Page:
Palestine Betrayed by Efraim Karsh

(National Review) Reviewed by Daniel Pipes - Nakba Day serves as a mournful Palestinian counterpart to Israel's Independence Day festivities, annually publicizing Israel's alleged sins. The Nakba ideology presents Palestinians as victims without choices and therefore without responsibility for the ills that befell them. It blames Israel alone for the Palestinian refugee problem. In Palestine Betrayed, Efraim Karsh of the University of London - relying on masses of recently declassified documents from the period of British rule and of the first Arab-Israeli war, 1917-49 - argues the opposite case: that Palestinians decided their own destiny and bear near-total responsibility for becoming refugees. "Far from being the hapless victims of a predatory Zionist assault, it was Palestinian Arab leaders who, from the early 1920s onward, and very much against the wishes of their own constituents, launched a relentless campaign to obliterate the Jewish national revival which culminated in the violent attempt to abort the UN partition resolution." "There was nothing inevitable about the Palestinian-Jewish confrontation, let alone the Arab-Israeli conflict." Karsh successfully establishes two main points: that (1) the Jewish-Zionist-Israeli side perpetually sought to find a compromise while the Palestinian-Arab-Muslim side rejected nearly all deals; and (2) Arab intransigence and violence caused the self-inflicted "catastrophe." From the early 1920s, then, one witnessed a pattern still in place and familiar today: Zionist accommodation, "painful concessions," and constructive efforts to bridge differences, met by Palestinian anti-Semitism, rejectionism, and violence. Proving that for 90 years the Palestinian political elite has opted to reject "the Jewish national revival and [insisted on] the need for its violent destruction," Karsh correctly concludes that the conflict will end only when the Palestinians give up on their "genocidal hopes."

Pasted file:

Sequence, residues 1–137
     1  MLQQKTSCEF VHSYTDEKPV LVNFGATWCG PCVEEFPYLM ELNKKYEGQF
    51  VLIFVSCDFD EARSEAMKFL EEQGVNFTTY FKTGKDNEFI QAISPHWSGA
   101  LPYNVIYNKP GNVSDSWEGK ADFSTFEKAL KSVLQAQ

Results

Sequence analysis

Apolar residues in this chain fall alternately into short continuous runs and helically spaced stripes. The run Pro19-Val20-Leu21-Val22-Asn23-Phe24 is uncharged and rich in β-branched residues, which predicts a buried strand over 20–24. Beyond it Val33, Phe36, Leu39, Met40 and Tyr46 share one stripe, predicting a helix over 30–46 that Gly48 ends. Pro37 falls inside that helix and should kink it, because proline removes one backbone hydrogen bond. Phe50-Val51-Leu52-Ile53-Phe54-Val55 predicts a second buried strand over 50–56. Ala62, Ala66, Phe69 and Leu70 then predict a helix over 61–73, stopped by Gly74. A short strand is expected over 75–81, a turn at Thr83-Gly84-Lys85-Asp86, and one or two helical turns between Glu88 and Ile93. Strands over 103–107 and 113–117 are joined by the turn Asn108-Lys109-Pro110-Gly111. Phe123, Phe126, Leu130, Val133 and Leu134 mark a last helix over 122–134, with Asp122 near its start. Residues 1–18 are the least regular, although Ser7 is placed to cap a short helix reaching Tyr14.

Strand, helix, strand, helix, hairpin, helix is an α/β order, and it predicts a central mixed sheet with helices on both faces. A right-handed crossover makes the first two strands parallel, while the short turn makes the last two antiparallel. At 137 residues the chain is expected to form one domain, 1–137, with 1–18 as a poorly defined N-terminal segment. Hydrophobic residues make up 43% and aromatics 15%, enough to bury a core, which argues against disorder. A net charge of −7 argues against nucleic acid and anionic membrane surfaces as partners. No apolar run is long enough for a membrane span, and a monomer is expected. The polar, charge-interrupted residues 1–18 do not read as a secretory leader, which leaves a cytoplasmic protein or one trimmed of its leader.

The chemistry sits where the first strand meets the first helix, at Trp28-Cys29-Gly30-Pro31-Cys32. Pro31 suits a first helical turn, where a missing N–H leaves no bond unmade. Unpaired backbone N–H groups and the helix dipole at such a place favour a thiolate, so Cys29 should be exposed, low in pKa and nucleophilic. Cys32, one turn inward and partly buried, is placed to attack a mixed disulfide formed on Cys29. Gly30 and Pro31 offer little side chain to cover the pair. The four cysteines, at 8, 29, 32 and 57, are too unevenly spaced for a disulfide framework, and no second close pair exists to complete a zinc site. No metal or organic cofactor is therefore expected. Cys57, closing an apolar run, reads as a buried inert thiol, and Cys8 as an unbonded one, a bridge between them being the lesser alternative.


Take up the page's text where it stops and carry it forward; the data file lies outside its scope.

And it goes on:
2010-05-07 08:30:59

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